The Trump administration opposes a bid to use unclaimed money from a legal settlement over the government's infamous Tuskegee syphilis study to fund a museum honoring victims of the research project, the AP reports. The Justice Department argues that providing the money to the Tuskegee Human and Civil Rights Multicultural Center would violate an agreement reached in 1975 to settle a class-action lawsuit. For the study, government medical workers operating in rural, segregated Alabama withheld treatment from hundreds of unsuspecting black men infected with syphilis so doctors could track the disease and dissect their bodies afterward.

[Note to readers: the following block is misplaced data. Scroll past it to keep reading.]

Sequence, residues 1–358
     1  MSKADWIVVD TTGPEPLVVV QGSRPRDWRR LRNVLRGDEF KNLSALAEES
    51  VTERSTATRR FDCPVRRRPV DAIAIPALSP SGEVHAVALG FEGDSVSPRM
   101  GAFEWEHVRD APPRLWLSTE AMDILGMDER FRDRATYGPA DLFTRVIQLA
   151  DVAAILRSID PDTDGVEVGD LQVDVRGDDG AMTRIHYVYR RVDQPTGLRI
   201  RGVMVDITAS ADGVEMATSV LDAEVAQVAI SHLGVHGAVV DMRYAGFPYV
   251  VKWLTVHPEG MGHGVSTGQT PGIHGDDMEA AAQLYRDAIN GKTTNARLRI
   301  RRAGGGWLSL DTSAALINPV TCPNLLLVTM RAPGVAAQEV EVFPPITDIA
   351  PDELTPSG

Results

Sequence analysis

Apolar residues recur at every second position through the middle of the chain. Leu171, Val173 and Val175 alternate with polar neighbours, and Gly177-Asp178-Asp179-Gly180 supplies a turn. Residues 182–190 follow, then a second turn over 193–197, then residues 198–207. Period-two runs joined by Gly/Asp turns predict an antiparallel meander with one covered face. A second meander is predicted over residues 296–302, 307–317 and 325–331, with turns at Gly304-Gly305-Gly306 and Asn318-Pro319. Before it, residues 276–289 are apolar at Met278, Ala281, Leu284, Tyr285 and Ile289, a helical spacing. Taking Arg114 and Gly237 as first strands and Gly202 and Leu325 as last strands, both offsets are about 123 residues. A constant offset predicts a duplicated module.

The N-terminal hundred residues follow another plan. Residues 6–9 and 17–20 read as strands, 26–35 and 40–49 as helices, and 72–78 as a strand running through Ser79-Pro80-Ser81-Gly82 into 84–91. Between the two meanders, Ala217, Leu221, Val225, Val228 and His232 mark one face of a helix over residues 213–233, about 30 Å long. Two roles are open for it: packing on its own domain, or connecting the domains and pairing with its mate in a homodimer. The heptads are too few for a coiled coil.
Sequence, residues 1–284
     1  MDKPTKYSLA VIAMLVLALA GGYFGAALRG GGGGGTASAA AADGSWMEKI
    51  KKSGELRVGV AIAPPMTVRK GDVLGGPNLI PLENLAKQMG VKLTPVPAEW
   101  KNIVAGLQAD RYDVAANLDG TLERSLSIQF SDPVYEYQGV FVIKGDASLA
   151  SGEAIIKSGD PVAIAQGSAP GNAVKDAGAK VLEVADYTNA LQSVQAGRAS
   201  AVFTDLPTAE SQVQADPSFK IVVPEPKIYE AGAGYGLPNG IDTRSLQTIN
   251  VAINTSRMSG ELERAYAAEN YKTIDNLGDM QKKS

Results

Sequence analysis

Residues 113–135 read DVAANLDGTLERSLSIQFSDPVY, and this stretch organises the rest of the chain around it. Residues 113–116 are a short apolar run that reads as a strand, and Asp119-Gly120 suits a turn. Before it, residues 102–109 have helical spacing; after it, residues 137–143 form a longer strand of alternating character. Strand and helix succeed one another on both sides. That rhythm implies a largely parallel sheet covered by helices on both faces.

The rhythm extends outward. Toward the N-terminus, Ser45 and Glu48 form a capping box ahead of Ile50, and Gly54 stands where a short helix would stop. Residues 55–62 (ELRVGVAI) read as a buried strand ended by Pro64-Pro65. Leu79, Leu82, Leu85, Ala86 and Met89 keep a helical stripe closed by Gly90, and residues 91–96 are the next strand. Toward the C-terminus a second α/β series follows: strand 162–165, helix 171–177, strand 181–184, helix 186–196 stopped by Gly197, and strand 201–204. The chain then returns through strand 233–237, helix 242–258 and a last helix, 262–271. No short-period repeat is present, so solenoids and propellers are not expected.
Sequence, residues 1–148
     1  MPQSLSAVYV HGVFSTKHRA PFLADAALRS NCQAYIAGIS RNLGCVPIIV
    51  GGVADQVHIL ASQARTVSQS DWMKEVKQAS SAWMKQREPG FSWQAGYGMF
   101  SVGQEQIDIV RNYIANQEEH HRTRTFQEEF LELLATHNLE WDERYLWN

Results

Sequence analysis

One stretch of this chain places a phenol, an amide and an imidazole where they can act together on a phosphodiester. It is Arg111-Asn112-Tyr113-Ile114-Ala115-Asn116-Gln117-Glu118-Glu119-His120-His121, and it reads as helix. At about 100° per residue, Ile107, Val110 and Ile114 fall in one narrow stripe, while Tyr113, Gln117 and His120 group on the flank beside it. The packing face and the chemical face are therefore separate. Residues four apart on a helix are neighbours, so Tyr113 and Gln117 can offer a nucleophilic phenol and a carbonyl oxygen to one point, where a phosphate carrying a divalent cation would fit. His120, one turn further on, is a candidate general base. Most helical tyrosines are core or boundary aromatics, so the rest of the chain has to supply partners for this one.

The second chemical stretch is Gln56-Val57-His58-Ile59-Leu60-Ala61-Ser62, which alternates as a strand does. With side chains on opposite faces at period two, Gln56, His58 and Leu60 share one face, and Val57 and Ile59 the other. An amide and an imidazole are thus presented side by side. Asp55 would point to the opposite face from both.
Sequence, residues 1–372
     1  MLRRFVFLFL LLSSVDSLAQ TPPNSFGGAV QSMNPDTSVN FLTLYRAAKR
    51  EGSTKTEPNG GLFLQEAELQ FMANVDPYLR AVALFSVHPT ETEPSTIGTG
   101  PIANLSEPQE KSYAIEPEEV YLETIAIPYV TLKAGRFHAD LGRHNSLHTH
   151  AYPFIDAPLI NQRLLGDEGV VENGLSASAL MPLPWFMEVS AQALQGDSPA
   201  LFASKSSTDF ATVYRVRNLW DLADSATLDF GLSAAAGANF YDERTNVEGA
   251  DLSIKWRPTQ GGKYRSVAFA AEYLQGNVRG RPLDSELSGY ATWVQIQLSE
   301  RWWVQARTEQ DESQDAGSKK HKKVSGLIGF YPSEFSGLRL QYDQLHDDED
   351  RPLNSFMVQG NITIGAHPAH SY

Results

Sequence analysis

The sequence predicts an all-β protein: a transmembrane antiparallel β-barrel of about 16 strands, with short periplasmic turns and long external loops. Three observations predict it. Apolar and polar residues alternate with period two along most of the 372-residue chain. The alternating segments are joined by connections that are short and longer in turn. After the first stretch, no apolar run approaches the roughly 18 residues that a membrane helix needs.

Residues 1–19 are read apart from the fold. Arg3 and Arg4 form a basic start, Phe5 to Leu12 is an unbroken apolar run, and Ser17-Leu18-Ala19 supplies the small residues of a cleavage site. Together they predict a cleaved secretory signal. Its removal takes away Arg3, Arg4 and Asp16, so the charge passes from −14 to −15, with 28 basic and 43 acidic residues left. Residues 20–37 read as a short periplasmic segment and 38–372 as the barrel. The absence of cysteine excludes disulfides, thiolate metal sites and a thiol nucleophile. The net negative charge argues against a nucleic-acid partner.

The government said that it "does not intend in any way to justify, condone, or defend the Tuskegee Syphilis Study," but allowing remaining money from a $9 million settlement to be used for the museum would violate the settlement's original provision that any left over money go back to the government. The victims of the experiment wanted to be remembered in a memorial that told their story, an attorney said in court documents, and a county-owned history museum that already includes exhibits about the study could use the "relatively small" amount of unclaimed money. The men's names are emblazoned in a circle on the floor of the museum, which only opens during the summer because of funding shortages. (Read more Justice Department stories.)